As to the data actually collected, provided that the policeware was installed in accordance with an appropriate authorisation, there is unlikely to be any danger that it will be excluded from evidence by the court. Of course, just as with any computer forensic evidence, it will be necessary to produce explanations of how the policeware operates and what the collected data is. That data should contain as much provenance as possible. For example, a key-logger should record the exact time of each keystroke and the window or application that received the key. If, like the Scarfo one, it only records some keystrokes, it should note periods when it has been disabled and why that was. Indeed, the Scarfo case is salutary here: the defence motion to suppress the evidence from the FBI key-logger[43] includes a number of valid criticisms. Apparently there was no date-time information attached to the logs[44] and the recorded data did not seem to match what would be expected from a key-logger:

Moreover, the data supplied in discovery reflects the capture of both letters, words, numbers, several pages with the word "gray," other indecipherable items and the "passphrase" as its last entry. If the KLS was functioning as it should, this amalgamation of data should not have been recorded - sentences, words, intelligible information should have been recorded. While the government claims that the KLS only operated for 14 days, it is hard to believe that during those 14 days Scarfo hardly wrote an intelligible sentence on his computer.[45]

There are other criticisms of the description:

"Further, the FBI did not install and operate any KLS component which would search for or record any fixed data stored within the computer." If this were true, then how would the agents retrieve the actual recorded keystrokes from the system?[46]

The former is the sort of pitfall that a well-written piece of policeware should avoid; the latter could be addressed by a good presentation in court (though it is puzzling how the system could record keystrokes without recording data within the computer).


Provided that the appropriate authorisation procedures are followed, there is no reason in UK law why the police cannot covertly install a piece of software on to the computer of a suspect and use it to collect intelligence or evidence. Unless the correct warrant has been obtained, care must be taken to ensure that the policeware does not intercept communications.

Creating such a piece of policeware that will not be discovered by existing anti-virus and anti-spyware software will be difficult, as will remotely installing the policeware through firewalls and intrusion detection systems. There are a number of pitfalls that the policeware designer needs to be avoid; in particular, it is preferable that it not be allowed to modify existing files.


[1] Throughout this essay "police", "law enforcement", and "law-enforcement agencies" are used interchangeably.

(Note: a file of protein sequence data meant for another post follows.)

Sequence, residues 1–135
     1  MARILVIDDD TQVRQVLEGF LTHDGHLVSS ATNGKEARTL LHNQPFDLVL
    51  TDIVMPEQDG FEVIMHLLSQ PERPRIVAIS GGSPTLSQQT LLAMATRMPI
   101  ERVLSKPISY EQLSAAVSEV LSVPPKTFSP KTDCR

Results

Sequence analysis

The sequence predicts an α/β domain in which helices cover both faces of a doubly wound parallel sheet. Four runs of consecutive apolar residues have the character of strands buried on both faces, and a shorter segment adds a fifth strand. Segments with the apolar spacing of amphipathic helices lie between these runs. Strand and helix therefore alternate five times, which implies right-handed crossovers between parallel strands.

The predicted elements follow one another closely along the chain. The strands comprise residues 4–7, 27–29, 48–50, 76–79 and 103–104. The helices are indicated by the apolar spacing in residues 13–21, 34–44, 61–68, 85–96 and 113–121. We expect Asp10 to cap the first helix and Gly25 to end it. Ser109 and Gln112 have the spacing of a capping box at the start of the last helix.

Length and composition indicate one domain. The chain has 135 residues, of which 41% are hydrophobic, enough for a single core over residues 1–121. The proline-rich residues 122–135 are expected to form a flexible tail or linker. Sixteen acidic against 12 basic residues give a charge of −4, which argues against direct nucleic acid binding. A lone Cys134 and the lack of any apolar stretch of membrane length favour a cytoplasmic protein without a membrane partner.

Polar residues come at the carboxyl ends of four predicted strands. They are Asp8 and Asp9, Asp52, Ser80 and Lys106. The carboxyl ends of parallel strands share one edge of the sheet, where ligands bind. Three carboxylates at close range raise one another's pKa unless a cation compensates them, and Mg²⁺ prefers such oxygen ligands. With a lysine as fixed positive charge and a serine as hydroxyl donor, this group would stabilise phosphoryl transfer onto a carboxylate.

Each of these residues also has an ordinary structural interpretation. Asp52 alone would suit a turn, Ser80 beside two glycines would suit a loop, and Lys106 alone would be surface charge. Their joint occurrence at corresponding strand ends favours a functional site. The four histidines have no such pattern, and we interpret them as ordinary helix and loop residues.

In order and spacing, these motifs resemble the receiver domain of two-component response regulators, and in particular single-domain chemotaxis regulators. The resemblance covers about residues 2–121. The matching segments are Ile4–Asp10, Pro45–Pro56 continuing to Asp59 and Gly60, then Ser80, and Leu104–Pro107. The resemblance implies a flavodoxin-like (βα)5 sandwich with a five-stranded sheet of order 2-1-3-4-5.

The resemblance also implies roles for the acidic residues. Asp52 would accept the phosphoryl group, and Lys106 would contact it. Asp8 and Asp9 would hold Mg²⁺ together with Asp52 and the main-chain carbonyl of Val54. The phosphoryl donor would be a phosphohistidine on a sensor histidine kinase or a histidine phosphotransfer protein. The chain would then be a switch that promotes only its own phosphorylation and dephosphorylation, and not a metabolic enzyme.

[2] See, for example, German Supreme Court Deems Police Hacking Illegal, Deutsche Welle 2007-02-05, available at,2144,2337932,00.html.

[3] See, for example, German cops and spooks prep own spyware, The Register 2007-02-27, available at

[4] See, for example, Trojan lets cyber-cops plant bogus evidence, The Register 2001-06-04, available at But note the partial retraction and further discussion at There is also a followup article Law-enforcement DIRT Trojan released, The Register 2002-03-14, available at

[5] See Trojan lets cyber-cops plant bogus evidence, referenced from note 4.

[6] See, for example, FBI surreptitious black bag jobs circumvent encryption products, Politech mailing list 2000-12-05, available at Scarfo eventually entered into a plea agreement.

[7] See, for example, FBI uses hacking technology for surveillance, ZDNet 2001-11-22, available at,1000000097,2099692,00.htm?r=4.

[8] Unsurprisingly, I am not the first person to use the term and it has already appeared in Wikipedia as well as the press. See However, my use here excludes such systems as Carnivore which are not installed on a suspect's computer.

[9] See, for example, Swiss look to Trojan code for VoIP tapping, ZDNet 2006-10-10, available at and, more recently, Skype Trojan wiretap plan leaks onto the net, The Register 2008-01-28, available at

[10] Definition from E.S.Raymond The New Hacker's Dictionary, pub. 1996 MIT Press, ISBN 0262680920, also known as The Jargon File and available at This specific definition was "coined by MIT-hacker-turned-NSA-spook Dan Edwards".

[11] "A vulnerability in software that can be used for breaking security or otherwise attacking an Internet host over the network.", Raymond op.cit. note 10.

[12] The Computer Misuse Act has undergone a number of major changes since first coming into force and has others pending; at the time of writing the Act as applied to Scotland is significantly different from how it applies to England and Wales. A consolidated version is available at Unless stated otherwise, quotes and citations of the Act in this essay are the version in force in England on 2008-03-31.

[13] PACE s.8(1).

[14] RIPA s.2(1).

[15] Defined in RIPA s.2(2) as modifying the system or monitoring transmissions "as to make some or all of the contents of the communication available, while being transmitted, to a person other than the sender or intended recipient of the communication". Under s.2(8) this includes recording the communication for later access.